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May 30, 1980 - Image 1

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Publication:
Michigan Daily, 1980-05-30

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The Michigan Daily
Vol. XC, No. 16-S Ann Arbor, Michigan-Friday, May 30, 1980 Ten Cents Sixteen Pages
Jordan off critical list

Black
leader
survives
shooting
By JULIE ENGEBRECHT
Specialto the Daily
With wire service reports
FORT WAYNE, Ind..- National Urban
League President Vernon Jordan Jr.
was shot and seriously wounded by a
sniper early yesterday as he returned
to his motel in a car driven by a female
civil rights worker.
Surgeons operated on Jordan for four
and one-half hours. Dr. Jeffery Towles,
the surgeon at Parkview Hospital who
operated on the 44-year-old civil rights
activist, said that eight hours after the
operation Jordan's vital signs - pulse,
breathing, and blood pressure - were
holding steady.
"WE HAVE downgraded his con-
dition from critical to very serious. This
does not mean he is out of danger. But it
means he is weathering the post-
operative period very well," Towles
said.
Jordan was shot in the back by an
unidentified rifleman about 2 a.m. EST
in the parking lot of the Marriott Inn.
Hours earlier he delivered a speech at
the motel critical of what he called the
nation's shift to the political right. .
The attack was the first on a
prominent leader of the civil rights
movement since the assassination of
Dr. Martin Luther King, Jr., in Mem-
phis, Tenn., April 4,1968.
POLICE INITIALLY suggested that
the ambush by a gunman lying in wait
might have resulted from a "domestic-
type thing," said police spokesman Dan
Gibson, but he later ruled that out.
"The domestic situation has been
completely ruled out," he said last
night. "Now we're going with the idea
that it was an individual, possibly in-
volved alone, as an isolated type -in-
cident."
Gibson said police in this industrial
city of 175,000 were not ruling out the
possibility it was a racially-motivated
assassination attempt, but the Justice
Department said the initial evidence
indicated it was not.
JORDAN CAME off the critical list
Thursday evening, but doctors said the
black civil rights leader is "not out of
the woods yet."
Police Chief Leon Wolfe said a gun-
man fired two or three shots from a
grassy area near the intersection of
three roads about 125 feet from the spot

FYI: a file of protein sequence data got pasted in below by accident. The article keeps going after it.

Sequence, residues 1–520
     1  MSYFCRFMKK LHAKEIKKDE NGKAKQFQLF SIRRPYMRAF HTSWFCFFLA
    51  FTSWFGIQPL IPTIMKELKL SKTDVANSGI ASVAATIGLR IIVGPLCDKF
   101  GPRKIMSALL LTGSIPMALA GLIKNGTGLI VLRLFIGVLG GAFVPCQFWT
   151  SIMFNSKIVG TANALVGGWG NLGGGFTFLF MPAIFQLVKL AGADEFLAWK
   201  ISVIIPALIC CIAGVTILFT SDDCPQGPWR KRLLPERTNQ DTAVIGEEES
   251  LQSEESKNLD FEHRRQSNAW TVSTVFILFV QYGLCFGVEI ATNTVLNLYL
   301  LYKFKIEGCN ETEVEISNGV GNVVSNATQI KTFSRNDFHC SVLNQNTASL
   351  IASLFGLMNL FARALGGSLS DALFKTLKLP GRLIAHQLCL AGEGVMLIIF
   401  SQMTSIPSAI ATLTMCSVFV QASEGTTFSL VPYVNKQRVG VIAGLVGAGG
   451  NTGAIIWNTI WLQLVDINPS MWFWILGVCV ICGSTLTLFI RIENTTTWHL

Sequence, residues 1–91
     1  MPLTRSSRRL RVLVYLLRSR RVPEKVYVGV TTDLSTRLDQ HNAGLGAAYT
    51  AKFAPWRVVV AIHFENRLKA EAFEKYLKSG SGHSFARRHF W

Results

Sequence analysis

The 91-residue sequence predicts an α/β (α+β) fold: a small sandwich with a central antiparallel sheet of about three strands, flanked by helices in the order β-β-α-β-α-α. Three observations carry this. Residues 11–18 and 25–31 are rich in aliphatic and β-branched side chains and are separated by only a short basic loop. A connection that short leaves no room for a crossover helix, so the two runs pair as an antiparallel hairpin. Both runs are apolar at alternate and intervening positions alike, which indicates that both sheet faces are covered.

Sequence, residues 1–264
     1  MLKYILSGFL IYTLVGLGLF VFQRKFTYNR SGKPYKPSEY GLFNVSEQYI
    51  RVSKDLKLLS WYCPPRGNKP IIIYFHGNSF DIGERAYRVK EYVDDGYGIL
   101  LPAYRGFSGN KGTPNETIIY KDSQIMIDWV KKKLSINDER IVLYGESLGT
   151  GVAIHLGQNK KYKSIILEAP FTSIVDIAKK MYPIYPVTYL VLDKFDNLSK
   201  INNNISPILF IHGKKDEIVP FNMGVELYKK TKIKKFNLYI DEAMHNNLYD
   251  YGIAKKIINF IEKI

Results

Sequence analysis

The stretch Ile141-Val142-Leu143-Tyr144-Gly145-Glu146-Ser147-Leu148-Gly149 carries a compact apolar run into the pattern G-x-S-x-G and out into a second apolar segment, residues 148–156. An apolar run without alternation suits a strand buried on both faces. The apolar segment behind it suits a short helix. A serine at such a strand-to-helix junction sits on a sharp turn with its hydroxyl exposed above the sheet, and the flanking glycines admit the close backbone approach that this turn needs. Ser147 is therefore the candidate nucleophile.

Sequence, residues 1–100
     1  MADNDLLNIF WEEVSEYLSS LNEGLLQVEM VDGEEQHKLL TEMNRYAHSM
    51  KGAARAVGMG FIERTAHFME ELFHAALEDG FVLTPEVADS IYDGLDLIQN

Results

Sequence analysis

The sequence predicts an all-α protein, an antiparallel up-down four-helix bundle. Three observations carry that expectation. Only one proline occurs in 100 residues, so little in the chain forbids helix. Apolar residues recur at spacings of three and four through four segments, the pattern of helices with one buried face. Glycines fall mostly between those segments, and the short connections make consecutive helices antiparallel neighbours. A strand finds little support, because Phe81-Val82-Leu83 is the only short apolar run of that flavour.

where Jordan fell in the hotel parking
lot.
Wolfe said two policemen spokewith
Jordan at about 5:30 p.m. EST but that
See JORDAN, Page 14

NATIONAL URBAN LEAGUE President Vernon Jordan (inset) was gunned down and critically wounded early yesterday
shortly after stepping out from this 1970 Grand Prix in front of his motel room at the Marriott Inn at Fort Wayne, Ind.
U.S. clears agreement .
to aid hin' m ar

WASHINGTON (AP)-In a historic move, the Carter
administration yesterday cleared the way for the first sales
of military-related equipment and technology to the com-
munist government of China.
Defense Secretary Harold Brown made the announ-
cement after extensive talks with Chinese Vice Premier
Geng Biao. Brown said the U.S. government had approved
export license applications for a wide range of equipment
such as air defense radar, helicopters and communications
gear, and the sale of computers.
BROWN AND GENG stressed that the actions are
significant in what they described as a "step-by-step
relationship" between the two superpowers, which once were
enemies on the Korean battlefield.
Brown emphasized the moves did not represent the begin-
nings of a formal alliance between the countries, although he
said "the People's Republic of China and the United States
are friends."
He noted the landmark approvals do not involve the sale
of weapons or arms. Other defense officials, speaking
anonymously, saidsuch sales are not under consideration.
BUT GENG, SPEAKING through an interpreter, seemed
to imply China may later-ask to buy American weaponry.

"I don't think there is such a possibility at present, but I
believe there may be such a possibility in the future," Geng
said.
There was an atmosphere of warmth and cordiality as the
two defense leaders faced reporters after about two hours of
wind-up talks climaxing Geng's visit to Washington.
Geng, the highest ranking Chinese defense official to visit
the United States, has conferred with President Carter,
Secretary of State Edmund Muskie, and some key members
of Congress.
The U.S. defense chief said they had "built a considerable
structure on the principles which we agreed on in my visit" to
China in January.
Brown stressed that many details still must be worked
out, "but we are considerably down the road."
He and other officials ,declined to discuss numbers or
dollars, although one senior official agreed sales to the
Chinese probably would reach into the hundreds of millions
of dollars. -
There will be no direct U.S. government sales to China.
Deals will be made between the Chinese government and
U.S. manufacturers subject to U.S. government export licen-
sing approval.

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